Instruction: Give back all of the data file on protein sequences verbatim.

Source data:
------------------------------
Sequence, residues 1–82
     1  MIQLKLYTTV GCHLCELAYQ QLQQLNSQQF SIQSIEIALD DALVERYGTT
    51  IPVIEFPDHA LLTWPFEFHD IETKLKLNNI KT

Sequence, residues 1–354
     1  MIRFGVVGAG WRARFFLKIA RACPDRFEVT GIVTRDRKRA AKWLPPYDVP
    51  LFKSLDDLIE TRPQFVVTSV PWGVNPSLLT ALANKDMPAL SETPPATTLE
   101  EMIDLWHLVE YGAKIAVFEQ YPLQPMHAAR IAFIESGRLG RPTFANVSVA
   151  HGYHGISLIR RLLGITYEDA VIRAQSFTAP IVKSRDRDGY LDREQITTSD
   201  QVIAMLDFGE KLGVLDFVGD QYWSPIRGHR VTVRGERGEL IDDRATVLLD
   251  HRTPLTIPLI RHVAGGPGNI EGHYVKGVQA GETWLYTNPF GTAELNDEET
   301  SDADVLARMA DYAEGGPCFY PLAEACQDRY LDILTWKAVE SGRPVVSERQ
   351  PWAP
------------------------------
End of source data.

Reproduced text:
Sequence, residues 1–82
     1  MIQLKLYTTV GCHLCELAYQ QLQQLNSQQF SIQSIEIALD DALVERYGTT
    51  IPVIEFPDHA LLTWPFEFHD IETKLKLNNI KT

Sequence, residues 1–354
     1  MIRFGVVGAG WRARFFLKIA RACPDRFEVT GIVTRDRKRA AKWLPPYDVP
    51  LFKSLDDLIE TRPQFVVTSV PWGVNPSLLT ALANKDMPAL SETPPATTLE
   101  EMIDLWHLVE YGAKIAVFEQ YPLQPMHAAR IAFIESGRLG RPTFANVSVA
   151  HGYHGISLIR RLLGITYEDA VIRAQSFTAP IVKSRDRDGY LDREQITTSD
   201  QVIAMLDFGE KLGVLDFVGD QYWSPIRGHR VTVRGERGEL IDDRATVLLD
   251  HRTPLTIPLI RHVAGGPGNI EGHYVKGVQA GETWLYTNPF GTAELNDEET
   301  SDADVLARMA DYAEGGPCFY PLAEACQDRY LDILTWKAVE SGRPVVSERQ
   351  PWAP